27  Strategy has been created  Focuses on prevention, intervention and postvention  Goal to reduce stigma & lateral violence; and to increase understanding of confidentiality  Exploring creative & innovative ways to communicate with youth  Celebrate and build upon the strengths  Increased access to training for all community members brings about positive change.  Support is always needed. But action and change is up to the community members  Training available :ASIST, safeTALK, suicideTALK, MHFA, MTSF, HOT, Grief and Loss, Youth Engagement, Youth Leadership, Building Strong Relationships, ….  Counseling and treatment available for addictions, mental health issues and gambling. EDUCATION & AWARENESS

28 Suicide is a community problem that needs community ACTION. WHAT I KNOW FOR SURE….


30  We need to have a plan or vision otherwise we will get lost …  The past needs to be acknowledged  The present is here and now  Plan to make a future better, different or more than present WHAT I KNOW FOR SURE…


32 Planning Alternative Tomorrows with Hope P.A.T.H. Sustainable change takes patience, persistence and time.

33 Many are resistant and fear change; but a change in attitude and habits can promote, preserve and protect LIFE. CHANGE IS NECESSARY

34 Energy is created through ACTION. Positive change cannot happen without action. ENERGY IS EVERYTHING

35 Break down the silos/barriers. Together everyone achieves more. Youth need to feel they belong. With vs. For Volunteerism grows self esteem. Involvement reduces violence. MOBILIZE THE COMMUNITY A safe, vibrant, healthy community where everyone belongs.

36 COMMUNITY DEVELOPMENT STRATEGIES  Community Development Strategies must address the complex nature of suicide in Aboriginal communities by looking at the following four areas:  Community Renewal  Cultural Enhancement  Traditional Healing Practices  Interagency Communication and Support.

37 WHAT ARE SOME EXAMPLES OF COMMUNITY RENEWAL?  Community Education  Training in ASIST  Means Restriction  Youth Leadership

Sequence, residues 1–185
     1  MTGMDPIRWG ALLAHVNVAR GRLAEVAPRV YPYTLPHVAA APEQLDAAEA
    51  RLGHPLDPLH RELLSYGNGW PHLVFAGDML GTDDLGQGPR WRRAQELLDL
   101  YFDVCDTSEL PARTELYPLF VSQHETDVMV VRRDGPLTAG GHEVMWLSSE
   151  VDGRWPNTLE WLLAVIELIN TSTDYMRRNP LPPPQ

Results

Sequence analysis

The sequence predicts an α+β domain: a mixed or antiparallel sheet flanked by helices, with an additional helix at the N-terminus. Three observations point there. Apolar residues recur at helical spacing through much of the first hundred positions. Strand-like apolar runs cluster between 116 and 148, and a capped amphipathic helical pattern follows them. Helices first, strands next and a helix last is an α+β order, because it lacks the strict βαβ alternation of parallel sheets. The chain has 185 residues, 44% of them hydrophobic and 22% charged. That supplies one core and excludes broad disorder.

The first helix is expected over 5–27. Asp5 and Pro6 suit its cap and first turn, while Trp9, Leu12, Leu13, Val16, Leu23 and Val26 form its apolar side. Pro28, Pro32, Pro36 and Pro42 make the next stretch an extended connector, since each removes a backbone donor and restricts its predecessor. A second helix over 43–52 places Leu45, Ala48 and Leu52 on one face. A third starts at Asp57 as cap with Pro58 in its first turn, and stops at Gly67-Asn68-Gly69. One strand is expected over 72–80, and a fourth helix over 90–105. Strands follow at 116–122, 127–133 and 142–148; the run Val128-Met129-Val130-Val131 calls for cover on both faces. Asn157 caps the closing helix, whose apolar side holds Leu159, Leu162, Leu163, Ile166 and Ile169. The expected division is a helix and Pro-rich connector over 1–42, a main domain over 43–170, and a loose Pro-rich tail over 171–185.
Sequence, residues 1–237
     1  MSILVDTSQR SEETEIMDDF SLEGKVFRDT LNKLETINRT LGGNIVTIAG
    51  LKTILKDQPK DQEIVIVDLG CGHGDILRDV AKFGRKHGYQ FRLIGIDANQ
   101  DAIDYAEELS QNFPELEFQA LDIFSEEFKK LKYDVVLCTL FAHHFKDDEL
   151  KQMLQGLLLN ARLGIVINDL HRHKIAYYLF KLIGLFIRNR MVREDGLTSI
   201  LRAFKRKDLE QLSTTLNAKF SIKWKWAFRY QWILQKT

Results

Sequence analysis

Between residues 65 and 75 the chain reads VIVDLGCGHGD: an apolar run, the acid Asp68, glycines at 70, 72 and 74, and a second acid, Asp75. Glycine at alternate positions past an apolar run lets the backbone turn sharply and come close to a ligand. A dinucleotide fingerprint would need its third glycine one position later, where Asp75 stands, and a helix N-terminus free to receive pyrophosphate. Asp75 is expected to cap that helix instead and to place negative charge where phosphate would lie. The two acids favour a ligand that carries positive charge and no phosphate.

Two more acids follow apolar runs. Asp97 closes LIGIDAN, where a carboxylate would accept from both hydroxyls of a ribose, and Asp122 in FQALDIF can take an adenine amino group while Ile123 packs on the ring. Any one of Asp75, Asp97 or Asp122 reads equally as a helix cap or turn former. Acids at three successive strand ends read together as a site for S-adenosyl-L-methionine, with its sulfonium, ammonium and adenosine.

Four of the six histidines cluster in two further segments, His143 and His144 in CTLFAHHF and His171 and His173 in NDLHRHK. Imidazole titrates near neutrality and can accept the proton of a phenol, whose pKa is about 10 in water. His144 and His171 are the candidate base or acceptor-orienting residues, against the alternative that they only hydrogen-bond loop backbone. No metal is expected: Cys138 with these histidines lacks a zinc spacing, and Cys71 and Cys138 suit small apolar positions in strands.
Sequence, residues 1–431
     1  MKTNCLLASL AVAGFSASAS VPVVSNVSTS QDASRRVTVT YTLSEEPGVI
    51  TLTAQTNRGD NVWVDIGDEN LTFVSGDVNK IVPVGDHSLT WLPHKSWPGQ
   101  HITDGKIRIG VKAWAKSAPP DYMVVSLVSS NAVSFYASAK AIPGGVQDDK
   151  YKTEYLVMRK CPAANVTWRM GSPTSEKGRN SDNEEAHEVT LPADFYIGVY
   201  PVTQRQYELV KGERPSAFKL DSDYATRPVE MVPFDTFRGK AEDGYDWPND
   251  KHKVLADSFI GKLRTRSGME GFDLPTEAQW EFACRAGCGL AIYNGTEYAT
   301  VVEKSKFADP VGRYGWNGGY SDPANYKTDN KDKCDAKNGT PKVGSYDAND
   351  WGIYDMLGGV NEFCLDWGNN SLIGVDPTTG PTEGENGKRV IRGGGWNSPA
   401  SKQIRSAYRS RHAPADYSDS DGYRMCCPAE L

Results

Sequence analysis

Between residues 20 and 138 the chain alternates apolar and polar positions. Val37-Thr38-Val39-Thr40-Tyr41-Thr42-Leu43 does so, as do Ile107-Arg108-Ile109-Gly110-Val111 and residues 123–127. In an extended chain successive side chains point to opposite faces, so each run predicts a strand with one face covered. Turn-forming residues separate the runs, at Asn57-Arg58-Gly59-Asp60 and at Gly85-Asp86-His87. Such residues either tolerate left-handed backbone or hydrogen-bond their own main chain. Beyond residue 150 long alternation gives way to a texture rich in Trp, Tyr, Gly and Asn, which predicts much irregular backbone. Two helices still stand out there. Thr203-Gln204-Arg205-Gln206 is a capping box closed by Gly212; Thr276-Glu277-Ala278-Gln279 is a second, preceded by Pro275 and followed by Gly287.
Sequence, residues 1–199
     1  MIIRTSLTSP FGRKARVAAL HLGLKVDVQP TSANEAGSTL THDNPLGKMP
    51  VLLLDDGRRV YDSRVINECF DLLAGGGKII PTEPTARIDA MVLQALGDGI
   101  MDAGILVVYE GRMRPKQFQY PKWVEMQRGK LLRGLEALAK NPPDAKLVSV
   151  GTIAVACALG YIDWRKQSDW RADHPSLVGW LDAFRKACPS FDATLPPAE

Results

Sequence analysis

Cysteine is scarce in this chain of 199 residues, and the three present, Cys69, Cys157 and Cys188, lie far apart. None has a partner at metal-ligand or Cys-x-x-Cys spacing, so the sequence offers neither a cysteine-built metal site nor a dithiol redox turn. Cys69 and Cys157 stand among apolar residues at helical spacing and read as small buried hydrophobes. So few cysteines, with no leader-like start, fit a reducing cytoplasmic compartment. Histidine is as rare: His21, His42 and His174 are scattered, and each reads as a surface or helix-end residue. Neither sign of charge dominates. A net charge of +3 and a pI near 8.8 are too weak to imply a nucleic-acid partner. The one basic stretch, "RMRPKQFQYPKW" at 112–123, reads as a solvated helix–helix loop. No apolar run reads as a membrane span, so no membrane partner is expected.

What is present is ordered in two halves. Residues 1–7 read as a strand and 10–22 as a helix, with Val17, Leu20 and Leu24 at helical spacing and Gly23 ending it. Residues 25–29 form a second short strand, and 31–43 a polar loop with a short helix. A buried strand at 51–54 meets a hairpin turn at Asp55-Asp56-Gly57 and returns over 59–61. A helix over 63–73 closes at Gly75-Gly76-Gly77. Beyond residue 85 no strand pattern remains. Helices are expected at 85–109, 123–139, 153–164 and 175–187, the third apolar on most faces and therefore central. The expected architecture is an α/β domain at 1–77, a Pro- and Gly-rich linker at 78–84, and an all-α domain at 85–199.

38 WHAT ARE SOME EXAMPLES OF COMMUNITY EDUCATION?  School  Training  Policy  Climate Improvement

39 WHAT ARE SOME OF THE THINGS THAT COULD TAKE PLACE IN SCHOOLS?  Family involvement  Esteem building  Life Skills  Suicide awareness information

40 WHAT ARE SOME EXAMPLES OF FAMILY FOCUSED STRATEGIES?  Asset interview  Refer page 56 of What is Working, What is Hopeful…

41  To be engaged so that their voice can be heard.  To be empowered.  To feel they belong and have purpose within the community  To be taught skills to help themselves and others.  40 Developmental Assets  The opportunity to be responsible and accountable  To learn generosity; serve others…  Support from the leadership  Several mentors..  To mentor others…  A Youth Coordinator in each community. YOUTH NEED…

42 Applied Suicide Intervention Skills Training ASIST works. EVERYONE NEEDS TO BE TRAINED IN SUICIDE FIRST-AID.

43 Each person influences growth in a family and each family influences growth as a community. CHANGE HAPPENS ONE PERSON AT A TIME

44 A strength based approach creates healthy outcomes CHANGE IN ATTITUDE

45 Are YOU ready to be the best FOR the world? CELEBRATE WHAT’S RIGHT WITH THE WORLD


47 “We live in a world of possibilities... when we believe it, we’ll see it.”

48 K EY C ONCEPTS : Believe it and you’ll see it. Recognize abundance. Look for possibilities. Unleash your energy to fix what’s wrong. CONTINUED...

49 K EY C ONCEPTS : Ride the changes. Take yourself to your edge. Be your best for the world.

50 B ELIEVE IT AND YOU’LL SEE IT. Commit to the results you’re looking for. Find ways around obstacles. Have high expectations.

51 Acknowledge all that you have to work with. Broaden your definition of winning. Look for ways to work cooperatively with others. RECOGNIZE ABUNDANCE.

52 Focus on opportunity, rather than scarcity. Find what’s working. Keep looking for the next possible answer. L OOK FOR POSSIBILITIES.

53 Connect with a positive vision. Believe that solutions exist. Focus on what is right with the situation. U NLEASH YOUR ENERGY TO FIX WHAT’S WRONG.

54 Realize that change is possibility. Learn to live with uncertainty, yet act with confidence. Challenge the order in your life. R IDE THE CHANGES.

55 T AKE YOURSELF TO YOUR EDGE. Trust yourself and create your own future. Follow your edge wherever it goes. Move beyond your best.

56 B E YOUR BEST FOR THE WORLD. Act with service and grace. Make a contribution through action. Talk about your successes to discover your dreams.